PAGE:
We’ve all been there because every A/E firm in existence seems to have one. I’m talking about the person in the room who is completely, utterly negative.
You’re in a meeting. Changes are being proposed. The future is being charted. Possibilities are being discussed. But the “Debbie Downer” of the group sits off to the side, disapprovingly. You can tell by the expression on their face that they don’t like any of it. And if they do say anything, it’s always:
- “This won’t work.”
- “I can’t _____.”
- “We can’t _____.”
- “We can’t afford that.”
- “We’ll never get that done.”
Negative, negative, negative. And like a roofing nail in the tire of your pickup, these people slowly suck the air out of the room, deflating the collective sense of possibility as their negativity spreads like “the nothingness” in The NeverEnding Story (a bad ‘80s cult-classic kid’s movie for those who didn’t know).
But some people are just like that. It may make them feel smarter to always figure out why something WON’T work. Maybe they’re unhappy at home and taking it out at the office. Or maybe they’re seething about some injustice they perceive was done to them at some point in the past. Who knows?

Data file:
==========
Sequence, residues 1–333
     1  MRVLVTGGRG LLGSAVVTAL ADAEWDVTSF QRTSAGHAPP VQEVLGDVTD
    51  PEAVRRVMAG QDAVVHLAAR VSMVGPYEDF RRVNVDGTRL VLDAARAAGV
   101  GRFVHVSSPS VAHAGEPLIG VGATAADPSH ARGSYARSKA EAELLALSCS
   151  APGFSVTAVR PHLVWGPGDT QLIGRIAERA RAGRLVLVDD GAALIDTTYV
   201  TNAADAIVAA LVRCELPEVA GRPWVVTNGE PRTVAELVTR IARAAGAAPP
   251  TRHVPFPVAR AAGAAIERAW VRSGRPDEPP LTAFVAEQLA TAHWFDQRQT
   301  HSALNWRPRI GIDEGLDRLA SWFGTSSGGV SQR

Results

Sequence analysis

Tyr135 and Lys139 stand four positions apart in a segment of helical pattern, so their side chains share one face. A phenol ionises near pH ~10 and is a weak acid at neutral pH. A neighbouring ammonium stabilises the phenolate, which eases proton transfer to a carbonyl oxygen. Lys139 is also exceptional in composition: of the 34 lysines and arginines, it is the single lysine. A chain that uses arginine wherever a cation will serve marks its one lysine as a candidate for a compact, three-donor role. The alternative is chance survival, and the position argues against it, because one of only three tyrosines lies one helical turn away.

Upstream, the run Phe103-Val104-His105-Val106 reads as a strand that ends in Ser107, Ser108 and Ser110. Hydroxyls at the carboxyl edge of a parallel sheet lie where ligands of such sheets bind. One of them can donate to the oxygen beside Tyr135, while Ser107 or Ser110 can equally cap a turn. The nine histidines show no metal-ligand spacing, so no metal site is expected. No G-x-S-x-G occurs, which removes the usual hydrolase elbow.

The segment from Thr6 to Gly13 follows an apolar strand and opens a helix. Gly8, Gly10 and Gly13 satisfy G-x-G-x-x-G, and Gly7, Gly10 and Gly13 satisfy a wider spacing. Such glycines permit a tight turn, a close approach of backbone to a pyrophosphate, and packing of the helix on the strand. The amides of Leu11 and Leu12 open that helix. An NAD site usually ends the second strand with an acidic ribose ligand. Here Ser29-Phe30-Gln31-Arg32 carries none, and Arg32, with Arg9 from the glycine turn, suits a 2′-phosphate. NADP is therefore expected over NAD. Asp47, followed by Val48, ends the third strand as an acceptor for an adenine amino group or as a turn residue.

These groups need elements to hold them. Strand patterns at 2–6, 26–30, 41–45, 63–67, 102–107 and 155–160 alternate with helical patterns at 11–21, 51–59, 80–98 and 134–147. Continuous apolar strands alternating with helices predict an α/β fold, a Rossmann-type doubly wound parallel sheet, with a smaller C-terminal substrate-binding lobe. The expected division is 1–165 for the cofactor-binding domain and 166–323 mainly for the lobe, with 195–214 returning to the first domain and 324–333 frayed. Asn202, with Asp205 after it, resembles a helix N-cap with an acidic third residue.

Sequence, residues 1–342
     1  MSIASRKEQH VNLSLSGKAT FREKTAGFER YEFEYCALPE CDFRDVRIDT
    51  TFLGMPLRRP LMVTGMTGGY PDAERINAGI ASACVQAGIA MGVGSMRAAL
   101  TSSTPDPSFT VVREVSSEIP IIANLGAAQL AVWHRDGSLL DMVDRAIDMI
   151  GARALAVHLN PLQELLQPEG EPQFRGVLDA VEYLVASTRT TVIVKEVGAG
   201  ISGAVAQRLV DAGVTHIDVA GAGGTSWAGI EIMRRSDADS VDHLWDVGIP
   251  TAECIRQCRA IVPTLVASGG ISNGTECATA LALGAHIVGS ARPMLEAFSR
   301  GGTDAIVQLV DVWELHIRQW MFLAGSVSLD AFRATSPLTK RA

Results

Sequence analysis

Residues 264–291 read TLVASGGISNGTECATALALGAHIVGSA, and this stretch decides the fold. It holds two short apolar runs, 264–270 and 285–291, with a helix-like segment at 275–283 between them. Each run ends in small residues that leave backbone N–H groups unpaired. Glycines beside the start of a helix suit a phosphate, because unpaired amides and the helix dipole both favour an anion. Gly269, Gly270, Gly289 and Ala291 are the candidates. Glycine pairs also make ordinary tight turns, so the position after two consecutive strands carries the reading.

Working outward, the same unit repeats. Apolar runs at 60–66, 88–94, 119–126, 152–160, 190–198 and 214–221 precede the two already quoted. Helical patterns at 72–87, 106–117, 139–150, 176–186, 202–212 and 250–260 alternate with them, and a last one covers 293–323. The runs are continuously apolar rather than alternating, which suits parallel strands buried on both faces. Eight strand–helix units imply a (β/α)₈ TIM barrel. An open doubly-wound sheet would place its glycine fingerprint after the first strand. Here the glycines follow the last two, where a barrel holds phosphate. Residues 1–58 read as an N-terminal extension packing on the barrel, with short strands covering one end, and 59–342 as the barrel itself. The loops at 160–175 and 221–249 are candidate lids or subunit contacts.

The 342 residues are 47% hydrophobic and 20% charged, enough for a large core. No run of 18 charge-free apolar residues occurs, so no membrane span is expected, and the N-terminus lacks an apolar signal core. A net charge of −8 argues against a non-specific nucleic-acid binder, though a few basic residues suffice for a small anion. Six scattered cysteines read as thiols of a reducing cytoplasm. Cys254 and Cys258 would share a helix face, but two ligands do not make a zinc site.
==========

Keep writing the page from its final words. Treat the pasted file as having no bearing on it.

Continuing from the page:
The real question is what do you do about it? And what if this person is one of your fellow partners or in a key role?
There really are only a couple options. Talk to them. Hear them out if they’ll talk. Share your concerns about their negativity and how that is harmful to the morale of the team and to them personally. Maybe you can even try to get them some help (counseling)?
And if that doesn’t work – after multiple attempts (never give up easily, though eventually you probably will) – they may need to be encouraged to find a new place they (and you), feel better about. Because the bottom line is your firm’s collective emotional state and morale cannot handle someone like this forever. It may be best for you – and for the negative person – to find them a new environment.
Think about it.
Mark Zweig is Zweig Group’s founder and CEO. Contact him at email@example.com.